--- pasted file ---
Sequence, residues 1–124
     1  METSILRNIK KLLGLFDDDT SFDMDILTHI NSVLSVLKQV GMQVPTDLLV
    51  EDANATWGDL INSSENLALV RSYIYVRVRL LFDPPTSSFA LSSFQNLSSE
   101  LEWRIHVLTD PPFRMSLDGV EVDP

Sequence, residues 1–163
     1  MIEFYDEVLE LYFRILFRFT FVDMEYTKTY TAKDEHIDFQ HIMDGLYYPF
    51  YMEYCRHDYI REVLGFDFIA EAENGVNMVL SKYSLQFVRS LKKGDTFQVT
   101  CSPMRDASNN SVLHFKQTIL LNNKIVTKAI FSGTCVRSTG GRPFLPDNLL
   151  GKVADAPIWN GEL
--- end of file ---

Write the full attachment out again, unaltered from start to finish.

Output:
Sequence, residues 1–124
     1  METSILRNIK KLLGLFDDDT SFDMDILTHI NSVLSVLKQV GMQVPTDLLV
    51  EDANATWGDL INSSENLALV RSYIYVRVRL LFDPPTSSFA LSSFQNLSSE
   101  LEWRIHVLTD PPFRMSLDGV EVDP

Sequence, residues 1–163
     1  MIEFYDEVLE LYFRILFRFT FVDMEYTKTY TAKDEHIDFQ HIMDGLYYPF
    51  YMEYCRHDYI REVLGFDFIA EAENGVNMVL SKYSLQFVRS LKKGDTFQVT
   101  CSPMRDASNN SVLHFKQTIL LNNKIVTKAI FSGTCVRSTG GRPFLPDNLL
   151  GKVADAPIWN GEL